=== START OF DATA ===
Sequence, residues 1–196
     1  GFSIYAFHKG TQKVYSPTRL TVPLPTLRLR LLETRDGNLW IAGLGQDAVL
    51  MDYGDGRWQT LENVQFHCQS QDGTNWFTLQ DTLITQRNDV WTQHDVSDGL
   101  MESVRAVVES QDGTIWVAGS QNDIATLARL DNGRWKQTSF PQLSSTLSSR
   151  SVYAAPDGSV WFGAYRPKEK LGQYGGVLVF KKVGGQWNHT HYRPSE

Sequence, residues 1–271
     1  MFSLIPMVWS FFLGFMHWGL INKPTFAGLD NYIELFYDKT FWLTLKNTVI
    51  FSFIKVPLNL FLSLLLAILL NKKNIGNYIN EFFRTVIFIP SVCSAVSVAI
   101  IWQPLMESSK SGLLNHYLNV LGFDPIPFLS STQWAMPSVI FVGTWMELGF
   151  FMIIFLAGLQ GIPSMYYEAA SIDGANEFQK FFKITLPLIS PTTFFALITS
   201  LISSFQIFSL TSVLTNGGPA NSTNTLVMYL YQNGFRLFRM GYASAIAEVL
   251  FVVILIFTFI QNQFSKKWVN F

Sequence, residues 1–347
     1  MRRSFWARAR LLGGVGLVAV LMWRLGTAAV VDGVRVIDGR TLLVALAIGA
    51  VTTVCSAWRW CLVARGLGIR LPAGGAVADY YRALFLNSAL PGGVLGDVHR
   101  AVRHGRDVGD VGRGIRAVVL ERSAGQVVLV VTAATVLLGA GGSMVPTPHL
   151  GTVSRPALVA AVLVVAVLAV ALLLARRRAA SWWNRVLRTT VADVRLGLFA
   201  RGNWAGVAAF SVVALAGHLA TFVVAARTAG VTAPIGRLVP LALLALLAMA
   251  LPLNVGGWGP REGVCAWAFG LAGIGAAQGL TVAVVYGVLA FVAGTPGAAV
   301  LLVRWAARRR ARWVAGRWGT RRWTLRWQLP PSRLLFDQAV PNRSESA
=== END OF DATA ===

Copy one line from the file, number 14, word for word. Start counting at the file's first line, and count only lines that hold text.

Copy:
     1  MRRSFWARAR LLGGVGLVAV LMWRLGTAAV VDGVRVIDGR TLLVALAIGA